Film Review from the June 1979 issue of the Socialist Standard
The Deer Hunter
This is a haunting film, of great emotional intensity, with little relief. The story begins in a Pennsylvanian steel town—a hell-hole of heat and noise and smoke. There, in impossible conditions, the three young men who are conscripted to fight in Vietnam work—and when they leave work it is to live under the very shadows of the mills.
Their recreation is juvenile; stalking and killing deer, getting riotously drunk, playing worship to a shocked soldier home from the war. Before they get to Vietnam it seems an exciting adventure, a glorious change from the grinding routine of the furnaces. Once in combat it becomes a nightmare in which all three are destroyed physically or emotionally.
One loses his legs and withdraws into the shell of the Veterans' Hospital where volunteers from the American Legion lay on macabre games of bingo for the limbless. Another is hooked on heroin and dies playing Russian roulette for money in a Saigon casino. The third, the caricature of a hero, comes home in one piece but can no longer relate to his former life. Once the expert deer hunter, when he goes out to hunt again he is so sated with death and pain that he cannot pull the trigger on the animal he has in his sights.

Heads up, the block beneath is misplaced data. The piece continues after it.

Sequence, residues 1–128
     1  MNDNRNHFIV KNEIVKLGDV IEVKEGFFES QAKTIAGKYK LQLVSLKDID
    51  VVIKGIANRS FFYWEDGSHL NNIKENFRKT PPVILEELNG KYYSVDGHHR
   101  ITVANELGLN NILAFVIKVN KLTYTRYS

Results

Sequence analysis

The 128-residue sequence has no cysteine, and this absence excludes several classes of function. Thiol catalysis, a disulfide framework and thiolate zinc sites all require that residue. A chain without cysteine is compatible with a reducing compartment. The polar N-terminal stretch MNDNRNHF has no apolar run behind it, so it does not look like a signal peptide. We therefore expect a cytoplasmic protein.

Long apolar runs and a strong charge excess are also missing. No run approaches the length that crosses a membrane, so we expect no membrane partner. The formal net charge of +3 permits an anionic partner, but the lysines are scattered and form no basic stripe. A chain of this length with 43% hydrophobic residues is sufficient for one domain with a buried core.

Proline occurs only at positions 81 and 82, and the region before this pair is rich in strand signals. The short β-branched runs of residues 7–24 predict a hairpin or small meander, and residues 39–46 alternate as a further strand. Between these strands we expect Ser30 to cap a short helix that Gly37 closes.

The film has come under heavy criticism, notably from reviewers like John Pilger and other war correspondents who witnessed the fighting. They argue that The Deer Hunter is biased against the Vietcong and shows nothing of the opposition to war in America. (None of which prevented it from winning a number of Oscars!)
There is some force in these criticisms, yet there is no hint in the film that war is anything other than obscene. No better world is promised, to rise from the ashes in Vietnam. The legionnaires in the hospital are shown up as ridiculous, prepared to absorb endless punishment from capitalism. Saigon is depicted as a city where human standards have been crushed by the violence, the cynicism and the rush to make money while the going was good.
Patriotism is made to look futile, out of touch with reality. The final scene, after the funeral of the man who died playing Russian roulette, shows his friends in the shack where he lived, in the middle of the wasteland among the steel mills. It is a ghastly place and they are wretchedly unhappy. Yet their tears are dried as they sing, together, "God Bless America". No patriot could find comfort in that scene—nor, for that matter, could any socialist. We do not look easily at capitalism's vile face.